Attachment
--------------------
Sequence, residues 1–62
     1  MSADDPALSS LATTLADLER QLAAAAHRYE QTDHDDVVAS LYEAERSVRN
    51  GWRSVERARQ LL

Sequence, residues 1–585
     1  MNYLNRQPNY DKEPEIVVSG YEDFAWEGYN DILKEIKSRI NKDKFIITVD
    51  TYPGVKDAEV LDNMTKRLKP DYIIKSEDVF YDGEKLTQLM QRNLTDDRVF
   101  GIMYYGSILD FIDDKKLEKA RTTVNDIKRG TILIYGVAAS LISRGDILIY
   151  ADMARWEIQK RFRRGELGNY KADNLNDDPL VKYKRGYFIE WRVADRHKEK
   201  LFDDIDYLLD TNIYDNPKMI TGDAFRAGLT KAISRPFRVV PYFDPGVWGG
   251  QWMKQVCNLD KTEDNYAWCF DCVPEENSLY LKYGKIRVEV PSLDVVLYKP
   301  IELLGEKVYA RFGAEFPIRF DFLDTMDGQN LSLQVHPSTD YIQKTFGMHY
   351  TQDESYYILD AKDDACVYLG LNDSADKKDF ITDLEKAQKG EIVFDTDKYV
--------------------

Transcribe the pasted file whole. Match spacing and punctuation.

Sequence, residues 1–62
     1  MSADDPALSS LATTLADLER QLAAAAHRYE QTDHDDVVAS LYEAERSVRN
    51  GWRSVERARQ LL

Sequence, residues 1–585
     1  MNYLNRQPNY DKEPEIVVSG YEDFAWEGYN DILKEIKSRI NKDKFIITVD
    51  TYPGVKDAEV LDNMTKRLKP DYIIKSEDVF YDGEKLTQLM QRNLTDDRVF
   101  GIMYYGSILD FIDDKKLEKA RTTVNDIKRG TILIYGVAAS LISRGDILIY
   151  ADMARWEIQK RFRRGELGNY KADNLNDDPL VKYKRGYFIE WRVADRHKEK
   201  LFDDIDYLLD TNIYDNPKMI TGDAFRAGLT KAISRPFRVV PYFDPGVWGG
   251  QWMKQVCNLD KTEDNYAWCF DCVPEENSLY LKYGKIRVEV PSLDVVLYKP
   301  IELLGEKVYA RFGAEFPIRF DFLDTMDGQN LSLQVHPSTD YIQKTFGMHY
   351  TQDESYYILD AKDDACVYLG LNDSADKKDF ITDLEKAQKG EIVFDTDKYV